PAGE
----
Eldin Leighton has a PhD in animal breeding, and after a long career at The Seeing Eye, has founded the International Working Dog Registry, or IWDR. If you didn't listen to last week's episode where Eldin talked about his career before the IWDR, definitely check that out first. In this episode, he tells us all about the IWDR, how it helps gather large populations of dogs together to provide more data - and analyze that data! - to help breeders improve their breeding decisions, and whether it's useful for more than just working dogs. (Spoiler: yes it is.)
Eldin Leighton has a PhD in animal breeding and has wound up a long career managing the breeding program at The Seeing Eye, which is the largest guide dog organization in the US. In this episode, Eldin talks to us about how he got where he is now and gets super nerdy about the ins and outs of selecting breeding animals for the traits you want, from cattle to seeing eye dogs. (We love nerdy.) Eldin had so much good information that this ended up being two episodes, so stay tuned for part two next week.
The papers Eldin mentions in this episode are:
- Leighton, Eldin A., et al. "Genetic improvement of hip-extended scores in 3 breeds of guide dogs using estimated breeding values: Notable progress but more improvement is needed." PloS one 14.2 (2019): e0212544. https://journals.plos.org/plosone/article?id=10.1371/journal.pone.0212544
- Kealy, Richard D., et al. "Evaluation of the effect of limited food consumption on radiographic evidence of osteoarthritis in dogs." Journal of the American Veterinary Medical Association 217.11 (2000): 1678-1680. http://citeseerx.ist.psu.edu/viewdoc/download?doi=10.1.1.204.1848&rep=rep1&type=pdf
Marina Phillips is the breeding director for the ADI (Assistance Dogs International) Breeding Cooperative. A breeding cooperative is a group of breeders with similar goals who exchange animals to form a larger breeding population than they could on their own. In this episode, Marina gets down and dirty with the details of how to put together and run a breeding cooperative, and wraps up with some insights on how she makes guardian homes (placing dogs in pet homes but keeping breeding rights) work for her. If you're a breeder who has ever struggled with how to keep enough potential breeding dogs in a house with limited space, this episode may be for you.
You can learn more about Marina's breeding program at http://www.eirlysgoldenretrievers.com/.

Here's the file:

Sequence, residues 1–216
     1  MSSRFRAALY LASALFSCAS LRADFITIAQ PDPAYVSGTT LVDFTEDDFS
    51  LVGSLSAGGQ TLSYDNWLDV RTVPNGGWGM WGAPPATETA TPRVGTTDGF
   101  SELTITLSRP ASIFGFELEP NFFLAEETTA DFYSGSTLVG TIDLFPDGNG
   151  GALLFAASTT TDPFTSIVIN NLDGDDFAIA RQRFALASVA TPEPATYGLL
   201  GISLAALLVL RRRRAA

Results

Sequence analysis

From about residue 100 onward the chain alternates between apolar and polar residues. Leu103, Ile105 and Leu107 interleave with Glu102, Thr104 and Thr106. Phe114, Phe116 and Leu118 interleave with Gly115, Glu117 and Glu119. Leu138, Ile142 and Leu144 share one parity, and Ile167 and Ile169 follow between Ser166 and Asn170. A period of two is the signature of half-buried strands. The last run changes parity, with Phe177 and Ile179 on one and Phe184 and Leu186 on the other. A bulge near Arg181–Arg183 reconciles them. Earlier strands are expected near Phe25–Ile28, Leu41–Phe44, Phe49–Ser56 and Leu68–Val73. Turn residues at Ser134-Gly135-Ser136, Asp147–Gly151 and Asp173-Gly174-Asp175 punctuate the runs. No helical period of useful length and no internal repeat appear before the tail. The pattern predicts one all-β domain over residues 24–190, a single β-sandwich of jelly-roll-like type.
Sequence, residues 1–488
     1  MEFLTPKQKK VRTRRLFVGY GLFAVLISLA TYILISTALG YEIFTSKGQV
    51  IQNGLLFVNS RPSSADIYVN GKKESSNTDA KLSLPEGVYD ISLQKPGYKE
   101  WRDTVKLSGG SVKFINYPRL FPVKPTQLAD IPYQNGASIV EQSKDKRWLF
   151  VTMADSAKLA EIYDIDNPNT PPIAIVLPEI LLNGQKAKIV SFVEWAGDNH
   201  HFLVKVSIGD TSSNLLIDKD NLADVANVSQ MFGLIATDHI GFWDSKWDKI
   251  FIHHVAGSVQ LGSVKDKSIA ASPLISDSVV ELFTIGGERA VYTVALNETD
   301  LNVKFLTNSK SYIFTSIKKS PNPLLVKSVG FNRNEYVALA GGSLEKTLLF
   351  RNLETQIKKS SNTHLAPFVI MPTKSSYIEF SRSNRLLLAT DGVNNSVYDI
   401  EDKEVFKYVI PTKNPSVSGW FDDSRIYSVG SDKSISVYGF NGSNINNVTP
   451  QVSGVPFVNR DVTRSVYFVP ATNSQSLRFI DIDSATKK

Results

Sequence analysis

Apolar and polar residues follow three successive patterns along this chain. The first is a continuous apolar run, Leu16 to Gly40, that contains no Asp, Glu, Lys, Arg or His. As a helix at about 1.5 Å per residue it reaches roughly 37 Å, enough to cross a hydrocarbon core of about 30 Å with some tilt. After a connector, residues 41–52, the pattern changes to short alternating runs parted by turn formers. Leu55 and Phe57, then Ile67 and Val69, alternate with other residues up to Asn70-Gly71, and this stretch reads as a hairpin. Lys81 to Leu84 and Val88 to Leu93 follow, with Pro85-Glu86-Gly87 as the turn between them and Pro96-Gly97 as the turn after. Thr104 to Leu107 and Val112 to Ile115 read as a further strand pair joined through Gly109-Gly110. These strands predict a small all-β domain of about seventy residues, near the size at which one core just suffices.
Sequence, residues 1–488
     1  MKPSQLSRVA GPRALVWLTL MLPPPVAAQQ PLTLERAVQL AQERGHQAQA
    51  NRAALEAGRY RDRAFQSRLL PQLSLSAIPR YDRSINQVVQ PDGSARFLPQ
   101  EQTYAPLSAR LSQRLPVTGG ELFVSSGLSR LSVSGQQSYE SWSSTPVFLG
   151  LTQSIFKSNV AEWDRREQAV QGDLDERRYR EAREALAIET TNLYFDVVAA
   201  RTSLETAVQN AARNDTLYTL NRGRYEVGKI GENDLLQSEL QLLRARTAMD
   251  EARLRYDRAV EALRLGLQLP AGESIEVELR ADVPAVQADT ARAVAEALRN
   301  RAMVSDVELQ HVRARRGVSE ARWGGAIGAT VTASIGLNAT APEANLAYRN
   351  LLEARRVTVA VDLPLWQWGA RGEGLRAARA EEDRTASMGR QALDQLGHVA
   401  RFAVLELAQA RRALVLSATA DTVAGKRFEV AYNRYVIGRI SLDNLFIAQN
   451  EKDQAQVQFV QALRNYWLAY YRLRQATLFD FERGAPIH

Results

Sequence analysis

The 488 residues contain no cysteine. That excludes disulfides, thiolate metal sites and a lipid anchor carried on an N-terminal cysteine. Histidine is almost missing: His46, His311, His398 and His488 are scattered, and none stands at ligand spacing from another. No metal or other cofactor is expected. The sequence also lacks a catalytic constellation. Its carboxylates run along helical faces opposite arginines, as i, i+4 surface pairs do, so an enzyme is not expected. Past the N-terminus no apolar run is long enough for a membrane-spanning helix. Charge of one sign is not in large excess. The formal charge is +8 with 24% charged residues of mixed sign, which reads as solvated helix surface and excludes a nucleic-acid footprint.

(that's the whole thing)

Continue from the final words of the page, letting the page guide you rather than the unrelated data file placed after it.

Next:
The podcast is going on a hiatus of a few weeks. I'm leaving you with this update on what's been happening with the Functional Dog Collaborative over its first months and where we're going next - guidelines of purpose, outlining our educational curriculum, T-shirts, and laying the groundwork for some big things in the future.
Kim Palermo owns BlueDog, a multicentric dog walking and training company, with her husband. There she runs manners and puppy classes for pet dog owners, and has her hands on quite a few doodles. In this episode, I talk with Kim about her changing perceptions of doodles, what she sees in doodles and doodle owners, and what she wishes first time dog owners knew before bringing their new puppy home. You can learn more about BlueDog at https://www.bluedogpetcare.com/ and you can follow Kim on Instagram at https://www.instagram.com/kimanddogs/.
Alicia Hobson, of Bear Lake Bearded Retrievers, is the founder of the Bearded Retriever Project. The Bearded Retriever is a breed in development, based on poodles, Labrador Retrievers, and Golden Retrievers; the dogs have a classic doodle look and F1 poodle/retriever crosses can be Bearded Retrievers. In this episode, Alicia and I talk breeder education, client education, coat genetics, and the social challenges of breeding doodles. You can learn more about Bearded Retrievers at https://beardedretrieverclubofamerica.org, and about Alicia's breeding program at https://www.bearlakebeardedretrievers.com/.
Amy Lane is the founder of the Goldendoodle Association of North America and the creator of the mini goldendoodle. GANA acts as a breed club for goldendoodle breeders, providing a registry, health testing guidance, and education. In this episode, Amy tells us all about goldendoodles, covering the genetics of shedding, what it means to call a doodle "hypoallergenic," and how GANA provides some really exceptional support to its members. You can learn more about GANA at https://www.goldendoodleassociation.com/ and about Amy at https://www.goldendoodles.net/.
Sophie Liu, DVM, is the founder of the Doberman Diversity Project. The DDP seeks to collect information in a single place about Dobermans for use to researchers who want to better understand the genetics of Doberman health issues. Sophie has some very cool specific, actionable plans for helping improve the breed's health, and in this episode, we talk about those plans, why Dobermans are great, what their health is like currently, and how hard it is to organize dog owners to get you the data you need.
Linda Seaver is the founder of Berner University, a two-day educational conference which convenes once each year at the Bernese Mountain Dog Club of America National Specialty. Berner U aims to educate Berner owners and breeders about their dogs, including information from veterinarians, behaviorists, and experienced breeders, among others. Berner U couldn't happen in person this year due to the pandemic, but they are putting educational materials online. You can learn more about Berner U at http://berneru.org.
Jenna Dockweiler, DVM, DACT, is a theriogenologist working at Ethos Veterinary Health in Wheat Ridge, CO. What is a theriogenologist, you ask? In this episode, Jenna tells us what a theriogenologist does, how she became one (hint: lots and lots of school), and what theriogenologists have to offer breeders.